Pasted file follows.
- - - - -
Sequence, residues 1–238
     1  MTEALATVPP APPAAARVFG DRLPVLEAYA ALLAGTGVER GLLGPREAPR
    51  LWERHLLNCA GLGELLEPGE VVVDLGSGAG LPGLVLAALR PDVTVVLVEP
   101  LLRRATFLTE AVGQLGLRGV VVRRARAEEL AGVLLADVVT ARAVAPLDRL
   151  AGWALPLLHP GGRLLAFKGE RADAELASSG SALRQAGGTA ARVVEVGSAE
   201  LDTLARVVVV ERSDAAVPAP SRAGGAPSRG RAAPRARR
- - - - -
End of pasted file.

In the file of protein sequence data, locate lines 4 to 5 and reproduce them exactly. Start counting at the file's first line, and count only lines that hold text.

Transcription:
   101  LLRRATFLTE AVGQLGLRGV VVRRARAEEL AGVLLADVVT ARAVAPLDRL
   151  AGWALPLLHP GGRLLAFKGE RADAELASSG SALRQAGGTA ARVVEVGSAE